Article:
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Since the GAS documentation actually sucks, I thought I might try to at least discover information about the parameters that are passed to even handlers. This trivial example shows what am I trying to do.

MyGui is built using the Gui-builder.
It contains a button - btn, which has a click callback - btn_click It also contains a TextArea - txtArea1

simples

function doGet() {
  var app = UiApp.createApplication();
  app.add(app.loadComponent("MyGui"));
  return app;
}

function btn_click(e) {

  var app = UiApp.getActiveApplication();
  var ta = app.getElementById('txtArea1');

  if(!e)
  {
    ta.setText('null object');
  }
  else
  {
    ta.setText(e.toDebugString());
  }

  return app;
}

Silly me ! I assumed that since the documentation repeated states that the GAS components are built upon GWT, and GWT being Java based, EVERYTHING is a java.lang.Object, that I should be able to call toDebugString() to find at least some information about the object passed into the handler function.

Sorry, I am very close to giving up on using GAS, it's just a toy right now, and I don't have time to play, I actually have work to do.

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4 Answers 4

I remember a library SmartDebug which allows logging of objects in a ui. Add the library and try this:

function doGet() {
var app = UiApp.createApplication();
  SmartDebug.enable(true);
  SmartDebug.addLogWidgetToApplication();
  app.add(app.loadComponent("MyGui"));
  return app;
}

function btn_click(e) {
   var app = UiApp.getActiveApplication();
  if(!e) {
    SmartDebug.logMessage('null');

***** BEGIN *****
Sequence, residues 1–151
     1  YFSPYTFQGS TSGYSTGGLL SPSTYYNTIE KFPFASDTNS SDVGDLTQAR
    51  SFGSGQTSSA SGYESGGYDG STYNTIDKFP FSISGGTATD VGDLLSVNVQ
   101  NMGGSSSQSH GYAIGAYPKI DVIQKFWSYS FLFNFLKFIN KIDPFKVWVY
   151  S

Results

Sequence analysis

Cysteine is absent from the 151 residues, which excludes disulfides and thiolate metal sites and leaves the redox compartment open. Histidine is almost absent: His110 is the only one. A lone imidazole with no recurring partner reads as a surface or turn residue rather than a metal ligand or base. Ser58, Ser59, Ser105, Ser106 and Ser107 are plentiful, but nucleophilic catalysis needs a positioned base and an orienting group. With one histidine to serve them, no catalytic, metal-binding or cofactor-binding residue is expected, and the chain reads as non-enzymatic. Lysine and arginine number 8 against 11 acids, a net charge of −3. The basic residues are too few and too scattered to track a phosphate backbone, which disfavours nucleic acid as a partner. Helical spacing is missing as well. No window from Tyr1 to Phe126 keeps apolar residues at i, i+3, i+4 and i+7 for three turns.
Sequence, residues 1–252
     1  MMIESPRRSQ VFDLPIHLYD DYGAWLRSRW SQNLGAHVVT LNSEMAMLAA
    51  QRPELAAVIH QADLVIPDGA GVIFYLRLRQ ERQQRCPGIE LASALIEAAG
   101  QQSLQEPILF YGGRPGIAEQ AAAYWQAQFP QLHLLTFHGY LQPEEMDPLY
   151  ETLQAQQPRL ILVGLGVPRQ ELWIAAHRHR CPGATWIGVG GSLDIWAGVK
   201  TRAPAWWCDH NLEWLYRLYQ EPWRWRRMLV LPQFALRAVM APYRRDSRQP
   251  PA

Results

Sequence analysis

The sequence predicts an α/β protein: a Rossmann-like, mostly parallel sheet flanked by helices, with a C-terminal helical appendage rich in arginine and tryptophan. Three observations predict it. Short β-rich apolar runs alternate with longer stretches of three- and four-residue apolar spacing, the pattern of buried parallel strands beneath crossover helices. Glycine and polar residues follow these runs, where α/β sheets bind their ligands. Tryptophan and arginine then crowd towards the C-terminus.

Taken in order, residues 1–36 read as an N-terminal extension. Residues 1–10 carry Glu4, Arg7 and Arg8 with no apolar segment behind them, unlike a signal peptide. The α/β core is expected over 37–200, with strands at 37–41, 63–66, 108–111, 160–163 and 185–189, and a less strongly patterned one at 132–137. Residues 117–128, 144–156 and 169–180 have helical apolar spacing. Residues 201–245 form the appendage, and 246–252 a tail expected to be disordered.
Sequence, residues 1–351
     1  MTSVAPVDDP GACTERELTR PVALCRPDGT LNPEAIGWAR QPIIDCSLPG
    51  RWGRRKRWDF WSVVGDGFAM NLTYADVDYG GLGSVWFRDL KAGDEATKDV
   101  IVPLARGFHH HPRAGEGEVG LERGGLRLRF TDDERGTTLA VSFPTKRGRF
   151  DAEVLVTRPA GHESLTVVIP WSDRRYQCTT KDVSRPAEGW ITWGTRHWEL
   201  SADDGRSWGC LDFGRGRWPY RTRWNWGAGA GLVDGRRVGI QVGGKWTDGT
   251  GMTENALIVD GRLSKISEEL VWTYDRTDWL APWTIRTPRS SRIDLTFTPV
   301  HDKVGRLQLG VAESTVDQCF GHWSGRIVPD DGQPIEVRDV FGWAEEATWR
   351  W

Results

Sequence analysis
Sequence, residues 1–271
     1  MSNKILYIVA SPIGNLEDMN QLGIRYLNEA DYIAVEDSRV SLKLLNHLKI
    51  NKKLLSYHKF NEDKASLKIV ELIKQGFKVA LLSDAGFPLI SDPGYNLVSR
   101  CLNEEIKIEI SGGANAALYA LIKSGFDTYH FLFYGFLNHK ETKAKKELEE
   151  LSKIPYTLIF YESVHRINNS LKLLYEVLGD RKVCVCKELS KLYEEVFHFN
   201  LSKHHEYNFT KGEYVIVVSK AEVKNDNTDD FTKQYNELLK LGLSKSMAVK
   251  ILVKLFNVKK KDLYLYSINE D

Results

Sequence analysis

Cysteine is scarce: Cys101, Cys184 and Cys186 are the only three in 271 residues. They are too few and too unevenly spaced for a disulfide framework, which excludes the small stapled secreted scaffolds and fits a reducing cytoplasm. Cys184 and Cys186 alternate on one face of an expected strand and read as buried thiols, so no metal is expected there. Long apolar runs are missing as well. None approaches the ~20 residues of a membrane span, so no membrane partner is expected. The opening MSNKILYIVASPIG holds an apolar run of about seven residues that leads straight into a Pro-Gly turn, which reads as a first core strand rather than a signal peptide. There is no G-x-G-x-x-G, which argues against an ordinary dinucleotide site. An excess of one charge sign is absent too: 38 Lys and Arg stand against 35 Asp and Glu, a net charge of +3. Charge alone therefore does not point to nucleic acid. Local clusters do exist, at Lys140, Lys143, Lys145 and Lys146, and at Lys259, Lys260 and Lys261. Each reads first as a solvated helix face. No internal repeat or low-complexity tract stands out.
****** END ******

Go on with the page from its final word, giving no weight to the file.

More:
} else {
    SmartDebug.logObject(e,'event');
  }
  return app;
}

here's what I got:

11:19:55: event.parameter.clientY: 161
11:19:55: event.parameter.clientX: 143
11:19:55: event.parameter.eventType: click
11:19:55: event.parameter.ctrl: false
11:19:55: event.parameter.meta: false
11:19:56: event.parameter.source: Button1
11:19:56: event.parameter.button: 1
11:19:56: event.parameter.alt: false
11:19:56: event.parameter.screenY: 270
11:19:57: event.parameter.screenX: 143
11:19:57: event.parameter.y: 18
11:19:57: event.parameter.shift: false
11:19:57: event.parameter.x: 92
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Interesting. It appears that e is being passed to SmartLogger as type 'event'. Where is that type documented ? What happens if you pass it as type 'object' ? –  SmittyBoy Dec 28 '12 at 12:45

The client side of UiApp is GWT widgets. Nowhere have we stated that the server side is made up of GWT Java objects (it isn't), nor would that even make sense based on how they are documented to work. The server objects are no more than references to the client objects - references that you can use to associate commands with, which then get shipped down to the client. There is no debug information to be had, because the server "widgets" have no information other than the id of the client widget they are storing up commands for.

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Ah. OK, fundamental misunderstanding on my part, I guess. Thanks –  SmittyBoy Dec 28 '12 at 15:57
    
UiApp is definitely a rapid dev tool rather than a 100% fully featured toolkit. If you want much finer control of UI code, use jQuery inside of HtmlService. –  Corey G Dec 28 '12 at 17:22

Have you associated in the GUI Builder a callback element to the button? If you put the button in a FormPanel all the fields of the FormPanel are submitted as parameters, if it's a simple button you have to add callback elements to get as event parameters that is in the GUI Builder the small white box under the event to fire on the event.

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Yes, I understand how to generate a callback, and the callback is called, however, that is not my question. The question is, how to know what is available in the parameter - this is not documented anywhere (that I can find, anyway). Furthermore, why doesn't the supplied code, above, work. e.toDebugString fails. –  SmittyBoy Dec 28 '12 at 9:18

You can use the standard Javascript toSource method to debug some objects. If you debug the default example code you get given when creating a new web-app script this is what toSource gives you:

({parameter:{clientY:"22", clientX:"17", eventType:"click", ctrl:"false", meta:"false", source:"u29169455861", button:"1", alt:"false", screenY:"148", screenX:"381", y:"18", shift:"false", x:"13"}})

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Thanks, very helpful. –  SmittyBoy Dec 28 '12 at 15:57

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